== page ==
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This is where I note my efforts as I try to recreate some old recipes. Most are taken from my small collection of handwritten recipe books which date from the late 1700's to around 1922. I also have a collection of old tatty old recipe books, well thumbed and heavily splashed from years of use. I love them all!

The old-fashioned very stylised handwriting writing is sometimes difficult to decipher, measurements and cooking instructions are minimal, no tin sizes given. Luckily I enjoy a challenge. Just to complicate things I cook and bake on my wood-fired Rayburn, which can be... unpredictable.

I suspect this blog is less about the food and more about my passion for these lovely old books and the wonderful women who wrote them.


Monday, 7 March 2016

..and beat for nearly an hour.

My first foray into the world of these old recipe books.




It is a plain and wholesome Ground Rice Cake; it was light and lemony and went down a treat.  

Judging by the colour of the sponge cake, which really is as yellow as those lemons, I would say our hens have definitely been eating their spinach.  It is one of their favourite daily snacks.   Happy, free-roaming hens make wonderful eggs.


All of the books have at least one recipe for rice cake, some have several versions.  

In the end I eliminated the one which required the use of 11 eggs,  far too extravagant for an experiment, and opted for this one (by C Cooper of Westwood Lodge, 1851) because it calls for just four simple ingredients.


Rice Cake


1/4 lb of Ground Rice
1/4 lb loaf sugar, finely powdered 
4 new laid eggs, take out half the whites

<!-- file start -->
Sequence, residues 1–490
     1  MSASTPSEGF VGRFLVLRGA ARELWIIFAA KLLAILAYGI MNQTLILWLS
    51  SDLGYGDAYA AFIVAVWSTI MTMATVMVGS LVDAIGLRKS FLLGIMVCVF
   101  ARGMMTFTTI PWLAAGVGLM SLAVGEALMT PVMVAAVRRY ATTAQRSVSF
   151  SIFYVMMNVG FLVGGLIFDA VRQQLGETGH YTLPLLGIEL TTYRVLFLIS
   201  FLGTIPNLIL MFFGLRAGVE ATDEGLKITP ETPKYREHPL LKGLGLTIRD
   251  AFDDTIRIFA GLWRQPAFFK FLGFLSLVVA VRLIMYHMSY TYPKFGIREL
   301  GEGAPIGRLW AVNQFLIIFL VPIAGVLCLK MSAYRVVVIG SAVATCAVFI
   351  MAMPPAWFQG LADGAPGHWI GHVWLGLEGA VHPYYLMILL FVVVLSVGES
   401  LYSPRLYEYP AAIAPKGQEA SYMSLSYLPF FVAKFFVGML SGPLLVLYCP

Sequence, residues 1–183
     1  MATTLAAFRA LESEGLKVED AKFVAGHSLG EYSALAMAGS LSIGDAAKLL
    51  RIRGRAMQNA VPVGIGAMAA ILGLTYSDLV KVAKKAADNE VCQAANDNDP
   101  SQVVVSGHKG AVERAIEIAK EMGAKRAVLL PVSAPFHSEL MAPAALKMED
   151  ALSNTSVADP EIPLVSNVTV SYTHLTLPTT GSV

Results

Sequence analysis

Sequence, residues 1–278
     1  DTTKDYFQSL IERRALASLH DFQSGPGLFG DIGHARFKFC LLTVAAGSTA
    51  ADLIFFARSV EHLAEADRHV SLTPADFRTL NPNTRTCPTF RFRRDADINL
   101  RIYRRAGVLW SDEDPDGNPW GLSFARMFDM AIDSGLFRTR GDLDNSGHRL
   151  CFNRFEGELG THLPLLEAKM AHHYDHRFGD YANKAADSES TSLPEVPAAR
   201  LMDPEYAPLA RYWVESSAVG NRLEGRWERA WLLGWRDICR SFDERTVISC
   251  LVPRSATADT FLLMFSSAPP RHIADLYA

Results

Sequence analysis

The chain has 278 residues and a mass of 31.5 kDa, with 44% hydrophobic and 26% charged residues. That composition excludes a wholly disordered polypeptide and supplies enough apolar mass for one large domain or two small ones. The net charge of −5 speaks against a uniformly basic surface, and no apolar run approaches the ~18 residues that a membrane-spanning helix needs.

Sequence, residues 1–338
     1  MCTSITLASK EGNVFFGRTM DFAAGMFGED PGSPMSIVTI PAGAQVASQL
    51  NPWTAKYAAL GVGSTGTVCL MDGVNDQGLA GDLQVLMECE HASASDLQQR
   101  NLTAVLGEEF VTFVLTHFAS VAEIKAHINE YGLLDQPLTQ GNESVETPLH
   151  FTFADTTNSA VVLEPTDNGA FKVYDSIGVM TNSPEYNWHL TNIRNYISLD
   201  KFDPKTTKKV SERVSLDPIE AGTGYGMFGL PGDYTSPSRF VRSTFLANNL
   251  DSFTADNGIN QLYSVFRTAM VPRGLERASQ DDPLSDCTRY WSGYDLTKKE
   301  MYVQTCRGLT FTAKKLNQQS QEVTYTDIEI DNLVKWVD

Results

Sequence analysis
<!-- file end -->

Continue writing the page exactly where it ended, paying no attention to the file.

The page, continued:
Lemon peel, cut fine (I grated mine)


Beat the eggs up fine, then add the sugar, give them a good beating, add the rice, beat them all up for nearly an hour Butter your pans and send them to the oven immediately.


Beat for nearly an hour?  I'm not quite that devoted to experimentation.   I used my Kenwood Chef and reduced the time to 10 minutes.  

Other than that, I followed the instructions, even though it felt really wrong to add the rice to a wonderfully light egg and sugar mix, then beat on.    I felt that I wanted to gently fold the ground rice into the mix, to keep the air inside.

Of course, the mixture collapsed, and it took a lot of beating to re-inflate it - but I'm pleased to say that the cake was almost completely devoured by the family this afternoon.  They loved the texture and the way the lemon flavour came through.



The recipe gave no instructions about what temperature it should be baked at, nor for how long, so I popped it into the oven for 40 minutes and hoped for the best.   The Rayburn was showing an oven temperature of 150 degrees but it dropped to 140 for most of the time.

It is a wood-fired Rayburn and is temperamental, to say the least, but today it performed magnificently.   I thought the wood-fired stove was more authentic, after all, the cooks of old didn't have the luxury of electric/gas ovens and temperature control dials.

It was a little strange baking a cake without having the usual guidelines, oven temp, timing, size of tin, etc.    I suppose we have every last detail thought out for us these days, everything is made easy.  

'Til next time.

2 comments:

  1. I LOVE your kitchen - you have what I lack - somewhere to put a chair… and maybe more but I can't see! You also appear to have the same crockery as me- great taste, great taste!

    I'm interested in your rice cake… we are "off sugar" at the moment but I do like using alternative ingredients. When the need arises for a cake I may give this one a whirl! Lynne.

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    Replies
    1. Hello Lynne - and thank you. That part of the kitchen is called 'Cosy Corner' because the heat which comes from the Rayburn attracts everyone, including the dog and cats. The chair is rarely empty!

      Last time I was in the local health food co-op they had just finished grinding the rice, which is why I happened to have some in the pantry and latched onto that particular cake recipe. Next time I make shortbread (which the grandchildren love) I thought I'd swap out some of the flour for ground rice, see if they even notice. Elaine

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